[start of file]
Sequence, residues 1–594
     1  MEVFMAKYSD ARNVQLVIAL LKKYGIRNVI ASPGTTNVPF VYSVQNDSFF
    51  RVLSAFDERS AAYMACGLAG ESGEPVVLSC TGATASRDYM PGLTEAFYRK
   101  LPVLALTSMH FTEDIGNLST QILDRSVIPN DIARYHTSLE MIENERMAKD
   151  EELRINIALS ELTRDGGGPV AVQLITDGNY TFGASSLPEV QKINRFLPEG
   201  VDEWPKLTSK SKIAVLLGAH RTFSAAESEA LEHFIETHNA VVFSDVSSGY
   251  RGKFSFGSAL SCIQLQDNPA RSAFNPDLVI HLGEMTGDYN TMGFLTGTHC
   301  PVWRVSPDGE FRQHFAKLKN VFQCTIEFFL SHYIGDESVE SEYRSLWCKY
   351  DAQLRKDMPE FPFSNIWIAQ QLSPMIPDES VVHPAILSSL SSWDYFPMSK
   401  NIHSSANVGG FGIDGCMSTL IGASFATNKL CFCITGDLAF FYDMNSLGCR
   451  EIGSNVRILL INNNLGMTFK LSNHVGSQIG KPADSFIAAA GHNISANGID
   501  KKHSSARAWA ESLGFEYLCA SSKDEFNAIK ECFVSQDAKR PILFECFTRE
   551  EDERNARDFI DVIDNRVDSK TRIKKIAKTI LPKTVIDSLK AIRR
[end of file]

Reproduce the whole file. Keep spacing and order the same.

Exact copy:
Sequence, residues 1–594
     1  MEVFMAKYSD ARNVQLVIAL LKKYGIRNVI ASPGTTNVPF VYSVQNDSFF
    51  RVLSAFDERS AAYMACGLAG ESGEPVVLSC TGATASRDYM PGLTEAFYRK
   101  LPVLALTSMH FTEDIGNLST QILDRSVIPN DIARYHTSLE MIENERMAKD
   151  EELRINIALS ELTRDGGGPV AVQLITDGNY TFGASSLPEV QKINRFLPEG
   201  VDEWPKLTSK SKIAVLLGAH RTFSAAESEA LEHFIETHNA VVFSDVSSGY
   251  RGKFSFGSAL SCIQLQDNPA RSAFNPDLVI HLGEMTGDYN TMGFLTGTHC
   301  PVWRVSPDGE FRQHFAKLKN VFQCTIEFFL SHYIGDESVE SEYRSLWCKY
   351  DAQLRKDMPE FPFSNIWIAQ QLSPMIPDES VVHPAILSSL SSWDYFPMSK
   401  NIHSSANVGG FGIDGCMSTL IGASFATNKL CFCITGDLAF FYDMNSLGCR
   451  EIGSNVRILL INNNLGMTFK LSNHVGSQIG KPADSFIAAA GHNISANGID
   501  KKHSSARAWA ESLGFEYLCA SSKDEFNAIK ECFVSQDAKR PILFECFTRE
   551  EDERNARDFI DVIDNRVDSK TRIKKIAKTI LPKTVIDSLK AIRR